Gonzo Funkauser

Heuer involves the shenanigans of the owners and operators of a family-held mortuary with a tangled web of relationships, both fiscal and personal. Scooter opens with that same mortuary in the hands of the unfortunately-named Jocasta Binns, the main surviving member of the conflicts in Heuer. (Tantalizing glimpse: You find out how Jocasta came by the name of a legendarily incestuous Greek queen.)

Binns is a deeply angry and unhappy Martinet who alienates her staff and family and inspires a rebellion. The tactics of the rebellion could have been carried out only in a funeral home, which makes for great reading. So, as in all of Funkhauser, you see common human interactions carried out in a most uncommon environment.

In my review of Heuer I complimented Funkhauser on her “zesty prose” as well as her characters. Here’s a two-in-one quote that illustrates both.

Enid. . . should have puked all over her shoes. She should have spewed all over Carla too, but she didn’t. . . her guts steadied steadied to a workable calm just like they always did in the face of a threat.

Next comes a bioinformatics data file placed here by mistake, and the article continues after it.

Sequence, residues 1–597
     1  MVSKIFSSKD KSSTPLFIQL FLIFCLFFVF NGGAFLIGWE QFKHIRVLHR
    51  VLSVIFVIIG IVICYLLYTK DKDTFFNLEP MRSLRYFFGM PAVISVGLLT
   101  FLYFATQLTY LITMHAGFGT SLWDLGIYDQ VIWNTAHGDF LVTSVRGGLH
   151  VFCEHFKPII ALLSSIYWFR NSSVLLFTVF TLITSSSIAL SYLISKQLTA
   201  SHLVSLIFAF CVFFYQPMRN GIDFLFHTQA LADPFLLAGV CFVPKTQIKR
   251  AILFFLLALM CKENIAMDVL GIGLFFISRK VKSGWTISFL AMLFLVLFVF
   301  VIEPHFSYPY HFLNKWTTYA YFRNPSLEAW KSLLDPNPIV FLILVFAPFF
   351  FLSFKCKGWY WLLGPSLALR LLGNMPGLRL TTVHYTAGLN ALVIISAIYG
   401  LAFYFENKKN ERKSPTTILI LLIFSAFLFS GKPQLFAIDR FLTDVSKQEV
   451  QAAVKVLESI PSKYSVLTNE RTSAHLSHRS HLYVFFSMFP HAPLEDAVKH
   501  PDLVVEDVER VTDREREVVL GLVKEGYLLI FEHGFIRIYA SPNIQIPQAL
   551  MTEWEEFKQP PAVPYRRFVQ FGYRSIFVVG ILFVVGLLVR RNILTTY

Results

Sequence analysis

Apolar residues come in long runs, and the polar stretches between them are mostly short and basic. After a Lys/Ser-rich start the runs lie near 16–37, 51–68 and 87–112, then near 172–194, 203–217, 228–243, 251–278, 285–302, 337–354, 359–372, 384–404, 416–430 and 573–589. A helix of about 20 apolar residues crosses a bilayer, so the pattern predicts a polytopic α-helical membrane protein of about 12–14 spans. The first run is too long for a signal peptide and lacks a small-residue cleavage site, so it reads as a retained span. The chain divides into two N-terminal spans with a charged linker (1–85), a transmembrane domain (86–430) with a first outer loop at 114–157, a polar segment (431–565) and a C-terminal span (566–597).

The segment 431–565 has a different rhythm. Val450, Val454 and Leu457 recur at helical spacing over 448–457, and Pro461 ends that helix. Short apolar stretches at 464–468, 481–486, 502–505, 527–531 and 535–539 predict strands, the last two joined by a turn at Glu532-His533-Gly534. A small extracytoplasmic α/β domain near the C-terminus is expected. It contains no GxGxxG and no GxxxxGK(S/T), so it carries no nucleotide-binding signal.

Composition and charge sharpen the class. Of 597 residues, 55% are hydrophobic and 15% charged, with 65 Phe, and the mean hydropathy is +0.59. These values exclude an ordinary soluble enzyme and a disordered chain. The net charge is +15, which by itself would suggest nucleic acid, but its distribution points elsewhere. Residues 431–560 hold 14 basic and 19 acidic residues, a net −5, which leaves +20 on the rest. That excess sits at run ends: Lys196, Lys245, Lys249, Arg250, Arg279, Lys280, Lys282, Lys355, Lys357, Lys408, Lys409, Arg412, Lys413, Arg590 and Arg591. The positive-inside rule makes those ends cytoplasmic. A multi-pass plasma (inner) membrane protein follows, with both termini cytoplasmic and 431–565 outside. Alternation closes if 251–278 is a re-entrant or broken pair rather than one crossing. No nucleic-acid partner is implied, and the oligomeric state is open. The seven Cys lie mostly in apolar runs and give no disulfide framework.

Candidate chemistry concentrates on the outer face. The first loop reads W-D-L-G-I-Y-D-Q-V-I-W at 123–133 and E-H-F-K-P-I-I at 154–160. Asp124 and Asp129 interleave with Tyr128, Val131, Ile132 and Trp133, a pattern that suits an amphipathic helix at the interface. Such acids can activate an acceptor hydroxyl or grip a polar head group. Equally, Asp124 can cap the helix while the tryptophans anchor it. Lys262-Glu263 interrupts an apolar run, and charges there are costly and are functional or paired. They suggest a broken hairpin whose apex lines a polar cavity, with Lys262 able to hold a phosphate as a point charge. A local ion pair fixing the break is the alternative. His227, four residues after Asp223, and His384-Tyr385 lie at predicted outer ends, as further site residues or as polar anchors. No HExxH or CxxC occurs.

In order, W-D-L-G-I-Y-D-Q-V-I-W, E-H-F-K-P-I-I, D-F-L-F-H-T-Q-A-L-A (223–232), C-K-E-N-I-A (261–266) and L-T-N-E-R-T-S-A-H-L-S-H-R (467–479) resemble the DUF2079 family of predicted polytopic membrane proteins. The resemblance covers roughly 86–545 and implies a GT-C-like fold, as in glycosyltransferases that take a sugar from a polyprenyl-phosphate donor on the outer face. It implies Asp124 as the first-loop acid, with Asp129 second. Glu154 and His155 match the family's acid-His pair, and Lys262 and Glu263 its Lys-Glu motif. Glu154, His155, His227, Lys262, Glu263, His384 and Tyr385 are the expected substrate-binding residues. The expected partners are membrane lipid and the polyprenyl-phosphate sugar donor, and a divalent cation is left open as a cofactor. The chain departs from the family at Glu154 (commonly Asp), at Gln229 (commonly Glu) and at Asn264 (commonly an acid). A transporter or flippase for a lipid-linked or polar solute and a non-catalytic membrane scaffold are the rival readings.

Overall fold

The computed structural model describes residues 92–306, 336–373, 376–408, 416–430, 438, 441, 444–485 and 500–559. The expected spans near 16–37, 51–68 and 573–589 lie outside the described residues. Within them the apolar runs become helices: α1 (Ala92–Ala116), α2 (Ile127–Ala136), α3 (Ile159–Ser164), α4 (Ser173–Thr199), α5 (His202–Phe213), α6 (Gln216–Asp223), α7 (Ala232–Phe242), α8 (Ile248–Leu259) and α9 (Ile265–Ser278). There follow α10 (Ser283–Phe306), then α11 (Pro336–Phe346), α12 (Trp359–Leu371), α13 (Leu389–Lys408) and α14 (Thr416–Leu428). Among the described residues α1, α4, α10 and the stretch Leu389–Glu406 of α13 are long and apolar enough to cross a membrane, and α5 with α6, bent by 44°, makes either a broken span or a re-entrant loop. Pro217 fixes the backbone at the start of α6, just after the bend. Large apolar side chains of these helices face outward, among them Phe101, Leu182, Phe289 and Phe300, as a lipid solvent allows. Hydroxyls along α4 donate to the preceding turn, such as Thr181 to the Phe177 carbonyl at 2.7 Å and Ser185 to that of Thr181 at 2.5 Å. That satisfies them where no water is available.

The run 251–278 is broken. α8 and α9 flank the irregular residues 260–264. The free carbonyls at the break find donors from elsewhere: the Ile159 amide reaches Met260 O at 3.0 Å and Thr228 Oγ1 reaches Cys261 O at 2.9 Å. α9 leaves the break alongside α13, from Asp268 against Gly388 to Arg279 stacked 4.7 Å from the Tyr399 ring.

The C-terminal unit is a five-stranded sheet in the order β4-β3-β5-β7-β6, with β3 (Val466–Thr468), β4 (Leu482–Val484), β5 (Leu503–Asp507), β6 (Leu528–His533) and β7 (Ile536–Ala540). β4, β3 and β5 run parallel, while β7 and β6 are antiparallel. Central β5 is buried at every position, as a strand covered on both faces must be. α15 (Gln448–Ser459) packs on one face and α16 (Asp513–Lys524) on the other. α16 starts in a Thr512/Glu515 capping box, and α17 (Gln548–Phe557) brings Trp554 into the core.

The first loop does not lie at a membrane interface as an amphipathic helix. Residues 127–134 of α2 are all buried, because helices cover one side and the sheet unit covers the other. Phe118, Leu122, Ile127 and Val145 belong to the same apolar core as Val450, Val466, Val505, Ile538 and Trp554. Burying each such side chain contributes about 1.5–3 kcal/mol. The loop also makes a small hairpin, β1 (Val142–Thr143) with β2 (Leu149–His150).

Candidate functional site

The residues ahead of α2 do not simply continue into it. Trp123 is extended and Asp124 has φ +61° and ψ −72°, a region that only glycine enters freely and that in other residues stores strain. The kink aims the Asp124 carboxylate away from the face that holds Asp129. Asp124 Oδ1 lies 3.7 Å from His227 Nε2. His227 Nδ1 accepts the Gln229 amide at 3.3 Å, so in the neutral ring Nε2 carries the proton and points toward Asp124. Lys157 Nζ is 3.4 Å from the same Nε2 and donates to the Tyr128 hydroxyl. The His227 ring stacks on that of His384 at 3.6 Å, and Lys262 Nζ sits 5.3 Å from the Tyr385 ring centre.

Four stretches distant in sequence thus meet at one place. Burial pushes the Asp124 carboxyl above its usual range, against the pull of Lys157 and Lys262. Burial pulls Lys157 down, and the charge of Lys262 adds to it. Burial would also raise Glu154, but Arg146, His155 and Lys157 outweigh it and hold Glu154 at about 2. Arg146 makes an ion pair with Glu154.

You’ve got both a reaction on the part of a major character as well as a mirror into her internal life. Furthermore, her emotional responses manifest in real action later in the novel. Thus, the lives of Charley Forsythe and Scooter Creighton and the rest involve us not only in entertaining capers but in deep and meaningful emotions as well. A terrific read with, I understand, a sequel on the way. Keep ’em coming, A.B. And to the rest of you, join the audience.

sitting up clapping